popecrowd“At all times and in every race, anyone who fears God and does what is right has been acceptable to him. He has, however, willed to make men holy and save them, not as individuals without any bond or link between them, but rather to make them into a people who might acknowledge him and serve him in holiness. He therefore chose the Israelite race to be his own people and established a covenant with it. He gradually instructed this people…. All these things, however, happened as a preparation for and figure of that new and perfect covenant which was to be ratified in Christ . . . the New Covenant in his blood; he called together a race made up of Jews and Gentiles which would be one, not according to the flesh, but in the Spirit.”

The People of God is marked by characteristics that clearly distinguish it from all other religious, ethnic, political, or cultural groups found in history:

– It is the People of God: God is not the property of any one people. But he acquired a people for himself from those who previously were not a people: “a chosen race, a royal priesthood, a holy nation.”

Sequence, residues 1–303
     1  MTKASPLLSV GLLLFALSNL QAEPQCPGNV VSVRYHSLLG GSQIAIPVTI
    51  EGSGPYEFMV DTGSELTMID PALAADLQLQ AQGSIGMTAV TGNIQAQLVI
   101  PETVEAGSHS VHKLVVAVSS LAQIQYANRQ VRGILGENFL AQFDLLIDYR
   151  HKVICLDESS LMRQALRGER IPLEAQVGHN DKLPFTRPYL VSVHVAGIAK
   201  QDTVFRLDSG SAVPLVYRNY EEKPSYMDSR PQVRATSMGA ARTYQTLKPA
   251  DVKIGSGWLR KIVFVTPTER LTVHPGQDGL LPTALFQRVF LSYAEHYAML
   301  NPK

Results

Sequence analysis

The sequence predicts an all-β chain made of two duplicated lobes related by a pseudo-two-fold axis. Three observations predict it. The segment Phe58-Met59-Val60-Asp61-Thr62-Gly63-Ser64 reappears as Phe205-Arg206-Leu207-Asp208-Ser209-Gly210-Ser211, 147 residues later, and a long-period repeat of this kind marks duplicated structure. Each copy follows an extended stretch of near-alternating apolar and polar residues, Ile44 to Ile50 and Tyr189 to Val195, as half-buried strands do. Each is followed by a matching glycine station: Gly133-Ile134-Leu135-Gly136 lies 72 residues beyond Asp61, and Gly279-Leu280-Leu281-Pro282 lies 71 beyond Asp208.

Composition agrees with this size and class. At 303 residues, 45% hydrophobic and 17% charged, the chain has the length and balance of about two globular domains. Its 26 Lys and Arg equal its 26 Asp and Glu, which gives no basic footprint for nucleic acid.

– One becomes a member of this people not by a physical birth, but by being “born anew,” a birth “of water and the Spirit,” that is, by faith in Christ, and Baptism.
– This People has for its Head Jesus the Christ (the anointed, the Messiah). Because the same anointing, the Holy Spirit, flows from the head into the body, this is “the messianic people.”
– “The status of this people is that of the dignity and freedom of the sons of God, in whose hearts the Holy Spirit dwells as in a temple.”
– “Its law is the new commandment to love as Christ loved us.” This is the “new” law of the Holy Spirit.
– Its mission is to be salt of the earth and light of the world. This people is “a most sure seed of unity, hope, and salvation for the whole human race.”
-Its destiny, finally, “is the Kingdom of God which has been begun by God himself on earth and which must be further extended until it has been brought to perfection by him at the end of time.”

Jesus Christ is the one whom the Father anointed with the Holy Spirit and established as priest, prophet, and king. the whole People of God participates in these three offices of Christ and bears the responsibilities for mission and service that flow from them.